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The Oxford Handbook of International Organizations edited by Katz Cogan, Jacob; Hurd, Ian; Johnstone, Ian

Part IV Activities of Organizations, Ch.9 Peace Operations

Anjali Dayal, Lise Morjé Howard

From: The Oxford Handbook of International Organizations

Edited By: Jacob Katz Cogan, Ian Hurd, Ian Johnstone

From: Oxford Public International Law (http://opil.ouplaw.com). (c) Oxford University Press, 2015. All Rights Reserved.date: 20 May 2019

Subject(s):
Military assistance — Collective security — Membership of international organizations — Resolutions of international organizations — International organizations, practice and procedure — International peace and security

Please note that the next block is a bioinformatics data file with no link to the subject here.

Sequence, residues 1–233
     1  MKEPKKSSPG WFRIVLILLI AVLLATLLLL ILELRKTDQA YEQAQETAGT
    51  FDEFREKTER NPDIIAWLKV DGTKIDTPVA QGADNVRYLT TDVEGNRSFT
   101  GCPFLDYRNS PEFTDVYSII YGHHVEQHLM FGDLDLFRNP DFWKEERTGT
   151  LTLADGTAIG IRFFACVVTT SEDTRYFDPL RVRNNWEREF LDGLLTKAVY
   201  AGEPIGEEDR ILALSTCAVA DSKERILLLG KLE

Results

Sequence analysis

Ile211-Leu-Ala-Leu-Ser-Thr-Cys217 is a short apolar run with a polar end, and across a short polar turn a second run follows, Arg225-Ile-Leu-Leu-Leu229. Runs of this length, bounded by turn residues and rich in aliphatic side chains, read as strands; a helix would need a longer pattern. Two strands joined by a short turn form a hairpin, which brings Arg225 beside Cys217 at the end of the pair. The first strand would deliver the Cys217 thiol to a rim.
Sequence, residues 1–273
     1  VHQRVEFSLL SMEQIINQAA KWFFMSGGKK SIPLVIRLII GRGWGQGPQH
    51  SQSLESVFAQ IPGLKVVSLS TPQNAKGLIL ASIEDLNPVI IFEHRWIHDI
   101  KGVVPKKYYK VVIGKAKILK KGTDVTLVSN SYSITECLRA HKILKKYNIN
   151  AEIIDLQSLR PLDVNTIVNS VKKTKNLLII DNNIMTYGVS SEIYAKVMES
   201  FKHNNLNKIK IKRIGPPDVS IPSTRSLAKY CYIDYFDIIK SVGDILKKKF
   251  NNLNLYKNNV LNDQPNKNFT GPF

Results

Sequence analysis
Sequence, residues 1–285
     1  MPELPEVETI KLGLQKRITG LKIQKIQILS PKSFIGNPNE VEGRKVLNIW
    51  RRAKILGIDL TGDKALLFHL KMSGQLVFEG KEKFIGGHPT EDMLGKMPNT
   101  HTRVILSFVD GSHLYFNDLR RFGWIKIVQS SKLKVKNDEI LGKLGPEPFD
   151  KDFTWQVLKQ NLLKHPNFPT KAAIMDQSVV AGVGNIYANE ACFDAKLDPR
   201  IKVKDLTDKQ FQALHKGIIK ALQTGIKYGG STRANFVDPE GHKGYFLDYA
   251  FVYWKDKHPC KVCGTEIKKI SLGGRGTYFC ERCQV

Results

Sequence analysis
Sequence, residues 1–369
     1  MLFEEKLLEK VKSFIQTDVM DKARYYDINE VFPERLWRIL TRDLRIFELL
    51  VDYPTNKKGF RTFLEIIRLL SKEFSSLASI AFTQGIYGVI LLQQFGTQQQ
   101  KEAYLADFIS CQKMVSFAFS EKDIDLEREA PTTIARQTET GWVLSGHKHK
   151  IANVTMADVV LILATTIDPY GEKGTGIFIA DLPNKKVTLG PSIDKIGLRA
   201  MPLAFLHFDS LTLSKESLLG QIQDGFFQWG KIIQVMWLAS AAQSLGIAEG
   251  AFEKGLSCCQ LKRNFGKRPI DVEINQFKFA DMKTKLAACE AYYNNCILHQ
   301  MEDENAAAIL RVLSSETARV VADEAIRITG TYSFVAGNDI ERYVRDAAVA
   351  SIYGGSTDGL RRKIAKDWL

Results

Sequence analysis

This chapter discusses the origins of peace operations; their evolution alongside the growing international conflict management structures of the United Nations (UN) and other international organizations; and their core functions, composition, and efficacy. Although peace operations have roots in earlier forms of military intervention, their emergence as a dominant tool for conflict management is a distinct innovation of the same internationalist project that forged the UN. Their evolution lays bare the fundamental tensions between state interests and the liberal internationalist project of a ‘world organization for the enforcement of peace’, and their execution has defined the way wars are fought today. The chapter focuses on UN peace operations throughout because they are the modal type of mission in the world. It also discusses the use of force within peace operations, an issue of growing importance that highlights fundamental tensions in the authorization and execution of internationally-led efforts to maintain global peace and security.

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